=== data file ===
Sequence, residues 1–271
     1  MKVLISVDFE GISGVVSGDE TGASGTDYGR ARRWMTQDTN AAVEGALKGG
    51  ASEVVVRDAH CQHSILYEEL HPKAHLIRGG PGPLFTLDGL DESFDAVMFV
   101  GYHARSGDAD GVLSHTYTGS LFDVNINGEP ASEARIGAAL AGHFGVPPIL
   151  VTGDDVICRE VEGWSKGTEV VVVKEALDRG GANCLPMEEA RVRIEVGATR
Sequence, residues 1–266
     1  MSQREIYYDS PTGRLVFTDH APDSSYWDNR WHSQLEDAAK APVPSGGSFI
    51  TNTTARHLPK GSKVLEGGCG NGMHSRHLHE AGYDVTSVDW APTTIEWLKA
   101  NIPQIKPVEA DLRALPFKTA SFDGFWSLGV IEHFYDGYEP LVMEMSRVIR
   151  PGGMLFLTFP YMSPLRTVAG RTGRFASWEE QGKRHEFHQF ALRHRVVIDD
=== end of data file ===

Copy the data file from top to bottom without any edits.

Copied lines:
Sequence, residues 1–271
     1  MKVLISVDFE GISGVVSGDE TGASGTDYGR ARRWMTQDTN AAVEGALKGG
    51  ASEVVVRDAH CQHSILYEEL HPKAHLIRGG PGPLFTLDGL DESFDAVMFV
   101  GYHARSGDAD GVLSHTYTGS LFDVNINGEP ASEARIGAAL AGHFGVPPIL
   151  VTGDDVICRE VEGWSKGTEV VVVKEALDRG GANCLPMEEA RVRIEVGATR
Sequence, residues 1–266
     1  MSQREIYYDS PTGRLVFTDH APDSSYWDNR WHSQLEDAAK APVPSGGSFI
    51  TNTTARHLPK GSKVLEGGCG NGMHSRHLHE AGYDVTSVDW APTTIEWLKA
   101  NIPQIKPVEA DLRALPFKTA SFDGFWSLGV IEHFYDGYEP LVMEMSRVIR
   151  PGGMLFLTFP YMSPLRTVAG RTGRFASWEE QGKRHEFHQF ALRHRVVIDD